Five weeks ago, I attended the St. Lawrence String Quartet’s Easter service concert, featuring Haydn’s “The Seven Last Words of Christ.” I went somewhat on a whim (my roommate was playing), and I enjoyed it as much as an undergraduate waiting to start his weekend could. Though I don’t remember much of the piece, I do remember the thought that hit me toward the end of it: Geoff would have loved this.
I can imagine this thought ran through the minds of many at St. Lawrence’s May 7 performance, the first “Sundays with the St. Lawrence” show since Geoff Nuttall’s passing last October. The quartet’s remaining members were joined by Visiting Artist Stephen Prutsman and San Francisco Symphony bassist Daniel Smith for a program of Mozart, Vaughan Williams, Lili Boulanger and Antonio Valencia.
This repertoire marks the beginning of a new era for the quartet. Their love for Haydn is well-documented; most of these semi-casual “Sundays with the St. Lawrence” have featured the composer in some light. With this program, they seem to have successfully begun charting a new path forward.
Nuttall was a founding member and resident first violinist of the quartet, and the impact of his death still weighs painfully on the musical community. All three St. Lawrence members — violist Lesley Robertson, violinist Owen Dalby and cellist Christopher Costanza — acknowledged Nuttall in their individual remarks during the concert.
It seemed to me that each of them shared their grief musically as well. St. Lawrence demonstrates perfectly what I call the “courage to be selfish”: that once we learn to play together in an ensemble, we must re-learn how to speak in our own voices.
Dalby shined with crystalline tone and laser-precise control — one of the concert’s highlights was his sultry slow vibrato in the encore performance of Dizzy Gillespie’s “A Night in Tunisia.” He spoke of “charting a new way forward” for the quartet, and his sound is certainly doing that. As the group’s newest member, Dalby is posed to determine the future of St. Lawrence; given his musicality, I have complete faith that the ensemble has bright days ahead.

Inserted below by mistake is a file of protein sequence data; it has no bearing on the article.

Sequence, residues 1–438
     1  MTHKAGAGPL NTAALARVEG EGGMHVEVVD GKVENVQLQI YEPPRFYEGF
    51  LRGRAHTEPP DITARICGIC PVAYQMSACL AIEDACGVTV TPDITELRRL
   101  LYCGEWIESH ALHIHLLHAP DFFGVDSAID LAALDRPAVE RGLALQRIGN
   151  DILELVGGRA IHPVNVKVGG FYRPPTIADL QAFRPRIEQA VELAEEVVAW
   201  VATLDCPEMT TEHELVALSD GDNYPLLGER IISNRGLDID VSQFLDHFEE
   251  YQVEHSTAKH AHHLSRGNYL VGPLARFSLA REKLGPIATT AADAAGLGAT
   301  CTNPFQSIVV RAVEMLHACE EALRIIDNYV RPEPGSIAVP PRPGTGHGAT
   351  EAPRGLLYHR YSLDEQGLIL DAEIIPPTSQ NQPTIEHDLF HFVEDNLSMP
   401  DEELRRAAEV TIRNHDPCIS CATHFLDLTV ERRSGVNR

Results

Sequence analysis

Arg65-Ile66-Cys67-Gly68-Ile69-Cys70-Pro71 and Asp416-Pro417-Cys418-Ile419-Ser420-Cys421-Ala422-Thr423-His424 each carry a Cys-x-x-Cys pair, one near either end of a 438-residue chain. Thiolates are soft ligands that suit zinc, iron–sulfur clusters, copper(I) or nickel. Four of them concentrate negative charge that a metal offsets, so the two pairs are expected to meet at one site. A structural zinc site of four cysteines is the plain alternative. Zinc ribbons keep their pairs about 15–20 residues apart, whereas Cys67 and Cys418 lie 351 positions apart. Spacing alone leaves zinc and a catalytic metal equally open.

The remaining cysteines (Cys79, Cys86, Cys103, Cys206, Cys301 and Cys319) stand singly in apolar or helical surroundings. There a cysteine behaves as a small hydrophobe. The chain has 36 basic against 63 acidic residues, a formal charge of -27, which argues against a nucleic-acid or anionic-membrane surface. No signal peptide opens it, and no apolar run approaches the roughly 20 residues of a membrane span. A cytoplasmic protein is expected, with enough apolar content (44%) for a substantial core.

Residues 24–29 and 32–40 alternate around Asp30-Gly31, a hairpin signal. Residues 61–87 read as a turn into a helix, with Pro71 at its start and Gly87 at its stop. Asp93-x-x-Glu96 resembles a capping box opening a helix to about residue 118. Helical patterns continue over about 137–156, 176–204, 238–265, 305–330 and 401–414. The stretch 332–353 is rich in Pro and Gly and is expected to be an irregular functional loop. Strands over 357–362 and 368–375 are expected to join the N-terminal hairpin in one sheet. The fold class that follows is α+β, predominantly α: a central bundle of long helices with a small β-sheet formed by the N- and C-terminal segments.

Costanza embodies the steel in his cello strings, finding powerful and piercing sound to lift the others. He forms the sonic foundation of the quartet, but it also seems like he provides an emotional foundation in their transitional period. He brings a vital understanding of harmony and sonority to the table, and the performance benefited immeasurably from it.
Robertson presents both stylistic mastery and devastating affect in her playing. She is the core of St. Lawrence, uniting the violin and cello with her sound. Robertson brings out the best in every ensemble-mate, and she made me tear up playing a countermelody in the second movement of the Vaughan Williams quintet.
The ensemble’s collaboration with Smith is a new and welcome one. To be frank, the double bass doesn’t get much representation in chamber music, so I was surprised by Smith’s masterful blending and sensitivity with his instrument. The extended low C (four semitones below the typical lowest bass note) is one of my guilty pleasures, and Smith indulged us like midnight dark chocolate.
Prutsman, on the other hand, has worked with the quartet for more than a decade; his dynamic with the group is both attentive and effortless. While he seems to enjoy the part too much sometimes — overbalancing and rubato mismatch are common side effects — I believe the repertoire allows for it. Plus, Bing Concert Hall’s acoustics favor Prutsman’s piano over solo strings.
Chamber music offers pianists the widest range of color on the instrument: accompaniments can shout or murmur, and solo sections can sing or whisper. Prutsman paints with all of these in his performance. At moments, he motions with his hands as if to physically stop the piano’s strings like a guitarist. At others, he revels in its percussiveness.
Put simply, the five were spellbinding together. They imbued their program with more than just a love for music: they conveyed love for a supporting community, love for each other and love for a friend gone too soon. Though loss won’t define this group forever, its impact has given them a musical insight that I hope they never forget.
Editor’s Note: This article is a review and includes subjective thoughts, opinions and critiques.